British Columbia

B.C. is nation's most ethnically diverse province: StatsCan

The face of Canada is changing and B.C. continues to lead the way, according to the latest census figures released by Statistics Canada.

The face of Canada is changing and B.C. continues to lead the way, according to the latest census figures released by Statistics Canada.

Overall, there are more than five million visible minorities in the country, making up more than 16 per cent of the total population.

But in B.C., 25 per cent of the population is part of a visible minority, the highest proportion in the country by province.

The 2006 census figures show Toronto is the most diverse city in the country with nearly 43 per cent of the population made up of visible minorities, but Greater Vancouver is only slightly behind, with 42 per cent, according to Jarred Dobson, an analyst with Statistics Canada.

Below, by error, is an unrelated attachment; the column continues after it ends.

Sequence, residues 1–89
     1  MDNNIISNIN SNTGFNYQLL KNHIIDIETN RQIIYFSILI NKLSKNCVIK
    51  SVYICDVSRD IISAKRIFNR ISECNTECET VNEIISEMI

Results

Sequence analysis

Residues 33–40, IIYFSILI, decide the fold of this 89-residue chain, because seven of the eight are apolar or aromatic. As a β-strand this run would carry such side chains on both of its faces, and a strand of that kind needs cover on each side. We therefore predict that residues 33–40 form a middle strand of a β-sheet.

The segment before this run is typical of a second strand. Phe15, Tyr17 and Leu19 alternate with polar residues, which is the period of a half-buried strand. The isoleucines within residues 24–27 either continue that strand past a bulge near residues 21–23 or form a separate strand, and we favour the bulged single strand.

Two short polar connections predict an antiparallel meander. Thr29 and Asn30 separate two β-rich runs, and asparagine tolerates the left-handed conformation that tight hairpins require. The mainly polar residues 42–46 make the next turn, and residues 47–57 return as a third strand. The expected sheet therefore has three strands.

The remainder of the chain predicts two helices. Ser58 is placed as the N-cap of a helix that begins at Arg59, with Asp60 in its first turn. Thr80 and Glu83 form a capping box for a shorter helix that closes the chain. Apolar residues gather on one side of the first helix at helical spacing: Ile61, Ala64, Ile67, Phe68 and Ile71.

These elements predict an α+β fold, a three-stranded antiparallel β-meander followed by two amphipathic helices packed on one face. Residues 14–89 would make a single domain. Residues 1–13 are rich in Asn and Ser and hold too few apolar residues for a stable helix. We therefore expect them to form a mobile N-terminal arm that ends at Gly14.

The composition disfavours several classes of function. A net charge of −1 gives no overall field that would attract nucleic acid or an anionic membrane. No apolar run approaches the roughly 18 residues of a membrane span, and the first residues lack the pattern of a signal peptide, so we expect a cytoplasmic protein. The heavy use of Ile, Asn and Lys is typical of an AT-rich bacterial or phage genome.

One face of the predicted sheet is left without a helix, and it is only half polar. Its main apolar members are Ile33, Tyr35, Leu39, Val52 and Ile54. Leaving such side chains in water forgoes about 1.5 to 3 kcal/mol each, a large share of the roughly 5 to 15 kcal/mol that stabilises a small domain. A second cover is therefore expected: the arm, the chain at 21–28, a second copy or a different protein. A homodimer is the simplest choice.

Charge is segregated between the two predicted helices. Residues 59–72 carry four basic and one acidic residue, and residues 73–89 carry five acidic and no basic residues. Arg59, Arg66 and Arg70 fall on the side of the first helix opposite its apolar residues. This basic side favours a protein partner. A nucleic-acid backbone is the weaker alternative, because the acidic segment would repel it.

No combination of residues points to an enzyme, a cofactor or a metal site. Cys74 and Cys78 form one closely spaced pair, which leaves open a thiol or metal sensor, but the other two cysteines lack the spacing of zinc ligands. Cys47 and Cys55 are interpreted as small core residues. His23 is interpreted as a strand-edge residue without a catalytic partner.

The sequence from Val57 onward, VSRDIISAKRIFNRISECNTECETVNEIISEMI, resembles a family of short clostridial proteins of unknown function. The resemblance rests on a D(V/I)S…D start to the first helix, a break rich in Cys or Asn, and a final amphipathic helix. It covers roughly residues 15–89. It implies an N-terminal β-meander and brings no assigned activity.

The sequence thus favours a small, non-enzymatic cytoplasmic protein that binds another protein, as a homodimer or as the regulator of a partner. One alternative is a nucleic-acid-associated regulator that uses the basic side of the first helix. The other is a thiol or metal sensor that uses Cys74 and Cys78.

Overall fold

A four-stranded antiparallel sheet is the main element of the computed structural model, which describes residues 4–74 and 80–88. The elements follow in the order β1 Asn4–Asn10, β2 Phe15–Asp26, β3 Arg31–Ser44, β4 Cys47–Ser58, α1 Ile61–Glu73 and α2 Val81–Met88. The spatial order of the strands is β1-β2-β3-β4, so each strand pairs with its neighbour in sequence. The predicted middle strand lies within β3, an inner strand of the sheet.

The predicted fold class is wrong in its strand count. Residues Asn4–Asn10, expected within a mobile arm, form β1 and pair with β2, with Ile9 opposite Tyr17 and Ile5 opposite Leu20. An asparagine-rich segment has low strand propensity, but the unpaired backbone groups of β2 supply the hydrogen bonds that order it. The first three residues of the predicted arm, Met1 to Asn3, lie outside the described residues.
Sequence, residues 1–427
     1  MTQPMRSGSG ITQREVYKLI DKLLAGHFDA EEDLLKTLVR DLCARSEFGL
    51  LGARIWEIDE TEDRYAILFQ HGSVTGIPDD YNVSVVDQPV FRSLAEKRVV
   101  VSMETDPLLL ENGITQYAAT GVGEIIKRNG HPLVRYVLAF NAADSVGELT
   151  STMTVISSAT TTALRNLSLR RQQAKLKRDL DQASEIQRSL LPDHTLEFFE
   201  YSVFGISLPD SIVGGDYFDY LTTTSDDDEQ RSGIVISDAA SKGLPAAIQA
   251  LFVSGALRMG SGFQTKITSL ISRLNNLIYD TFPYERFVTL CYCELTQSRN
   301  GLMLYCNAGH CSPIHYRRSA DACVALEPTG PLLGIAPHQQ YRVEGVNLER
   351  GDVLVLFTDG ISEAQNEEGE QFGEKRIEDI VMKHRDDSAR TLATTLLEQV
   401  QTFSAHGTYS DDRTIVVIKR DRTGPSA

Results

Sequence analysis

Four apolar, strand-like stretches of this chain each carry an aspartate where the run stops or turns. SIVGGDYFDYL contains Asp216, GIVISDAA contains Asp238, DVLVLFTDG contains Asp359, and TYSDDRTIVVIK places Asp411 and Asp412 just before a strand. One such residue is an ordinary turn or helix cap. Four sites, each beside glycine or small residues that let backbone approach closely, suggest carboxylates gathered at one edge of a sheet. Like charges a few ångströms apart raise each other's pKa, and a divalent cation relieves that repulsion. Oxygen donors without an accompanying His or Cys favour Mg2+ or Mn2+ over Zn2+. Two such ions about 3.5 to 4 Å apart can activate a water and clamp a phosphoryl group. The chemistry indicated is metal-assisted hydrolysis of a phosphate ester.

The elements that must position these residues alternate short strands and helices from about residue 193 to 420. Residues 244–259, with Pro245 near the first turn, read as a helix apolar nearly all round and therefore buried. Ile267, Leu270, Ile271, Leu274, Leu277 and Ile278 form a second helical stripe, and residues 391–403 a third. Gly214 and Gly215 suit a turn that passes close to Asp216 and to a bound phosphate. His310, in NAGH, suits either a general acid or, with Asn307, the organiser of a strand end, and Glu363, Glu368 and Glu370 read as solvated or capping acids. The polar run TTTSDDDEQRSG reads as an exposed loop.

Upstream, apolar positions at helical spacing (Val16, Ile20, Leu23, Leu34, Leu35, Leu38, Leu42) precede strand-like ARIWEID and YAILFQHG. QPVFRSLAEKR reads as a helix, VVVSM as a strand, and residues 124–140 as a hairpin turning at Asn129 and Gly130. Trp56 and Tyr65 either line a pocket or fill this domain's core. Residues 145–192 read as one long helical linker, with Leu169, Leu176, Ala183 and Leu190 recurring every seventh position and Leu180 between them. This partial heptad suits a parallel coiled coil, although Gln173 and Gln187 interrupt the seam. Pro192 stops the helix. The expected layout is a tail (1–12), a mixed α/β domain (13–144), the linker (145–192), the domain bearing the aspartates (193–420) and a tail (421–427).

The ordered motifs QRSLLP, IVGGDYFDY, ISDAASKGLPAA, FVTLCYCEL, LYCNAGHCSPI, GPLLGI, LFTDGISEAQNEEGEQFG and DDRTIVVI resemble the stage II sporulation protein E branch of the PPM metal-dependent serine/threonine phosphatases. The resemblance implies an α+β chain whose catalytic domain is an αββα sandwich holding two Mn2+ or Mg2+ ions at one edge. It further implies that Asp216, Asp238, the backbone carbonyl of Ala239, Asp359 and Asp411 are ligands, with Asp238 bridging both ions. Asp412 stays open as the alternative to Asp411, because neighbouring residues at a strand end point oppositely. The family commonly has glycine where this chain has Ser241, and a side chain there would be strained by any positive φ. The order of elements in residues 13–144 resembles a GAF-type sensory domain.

"Vancouver is a very diverse city, there is over 200 ethnic groups reported," said Dobson.

But despite the diversity, two main groups account for around half of all visible minorities in Canada.

South Asians account for a quarter of all visible minorities in Canada, or four per cent of the total population, and those with roots in China form about another quarter of the country's visible minority population.

Both of those trends are evident in the ethnic transformation of the Lower Mainland.

"About one in five residents in the Metro Vancouver area were Chinese and basically, Vancouver has got the highest proportion of … the Chinese visible minority group among any major city in Canada," said Dobson.

The Fraser Valley community of Abbotsford has the third-highest proportion of visible minorities in Canada, at 23 per cent, boosted by a wave of recent immigrants from South Asia, who make up 72 per cent of the visible minority population there, said Dobson.

Kelowna remains one of the least diverse metropolitan areas in the nation, with a visible minority population of just five per cent.

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